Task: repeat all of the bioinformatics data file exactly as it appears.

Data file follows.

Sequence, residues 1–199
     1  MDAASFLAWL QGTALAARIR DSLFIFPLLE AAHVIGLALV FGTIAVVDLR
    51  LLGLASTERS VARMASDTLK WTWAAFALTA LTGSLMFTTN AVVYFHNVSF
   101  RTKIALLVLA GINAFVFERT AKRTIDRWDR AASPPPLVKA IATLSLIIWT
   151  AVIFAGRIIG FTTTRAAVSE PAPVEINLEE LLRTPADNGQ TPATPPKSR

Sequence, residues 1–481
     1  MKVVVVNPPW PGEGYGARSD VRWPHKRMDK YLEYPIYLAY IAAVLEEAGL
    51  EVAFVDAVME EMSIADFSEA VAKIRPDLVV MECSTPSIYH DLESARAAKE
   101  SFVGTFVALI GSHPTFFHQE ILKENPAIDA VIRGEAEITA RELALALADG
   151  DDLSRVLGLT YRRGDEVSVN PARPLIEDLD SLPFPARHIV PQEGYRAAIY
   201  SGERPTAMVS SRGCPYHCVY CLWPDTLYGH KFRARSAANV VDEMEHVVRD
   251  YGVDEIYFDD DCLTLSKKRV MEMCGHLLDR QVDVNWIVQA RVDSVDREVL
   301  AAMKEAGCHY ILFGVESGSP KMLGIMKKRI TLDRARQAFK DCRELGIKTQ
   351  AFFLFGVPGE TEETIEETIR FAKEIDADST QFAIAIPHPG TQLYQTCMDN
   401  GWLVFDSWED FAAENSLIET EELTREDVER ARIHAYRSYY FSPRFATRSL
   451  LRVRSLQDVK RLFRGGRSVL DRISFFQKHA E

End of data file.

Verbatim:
Sequence, residues 1–199
     1  MDAASFLAWL QGTALAARIR DSLFIFPLLE AAHVIGLALV FGTIAVVDLR
    51  LLGLASTERS VARMASDTLK WTWAAFALTA LTGSLMFTTN AVVYFHNVSF
   101  RTKIALLVLA GINAFVFERT AKRTIDRWDR AASPPPLVKA IATLSLIIWT
   151  AVIFAGRIIG FTTTRAAVSE PAPVEINLEE LLRTPADNGQ TPATPPKSR

Sequence, residues 1–481
     1  MKVVVVNPPW PGEGYGARSD VRWPHKRMDK YLEYPIYLAY IAAVLEEAGL
    51  EVAFVDAVME EMSIADFSEA VAKIRPDLVV MECSTPSIYH DLESARAAKE
   101  SFVGTFVALI GSHPTFFHQE ILKENPAIDA VIRGEAEITA RELALALADG
   151  DDLSRVLGLT YRRGDEVSVN PARPLIEDLD SLPFPARHIV PQEGYRAAIY
   201  SGERPTAMVS SRGCPYHCVY CLWPDTLYGH KFRARSAANV VDEMEHVVRD
   251  YGVDEIYFDD DCLTLSKKRV MEMCGHLLDR QVDVNWIVQA RVDSVDREVL
   301  AAMKEAGCHY ILFGVESGSP KMLGIMKKRI TLDRARQAFK DCRELGIKTQ
   351  AFFLFGVPGE TEETIEETIR FAKEIDADST QFAIAIPHPG TQLYQTCMDN
   401  GWLVFDSWED FAAENSLIET EELTREDVER ARIHAYRSYY FSPRFATRSL
   451  LRVRSLQDVK RLFRGGRSVL DRISFFQKHA E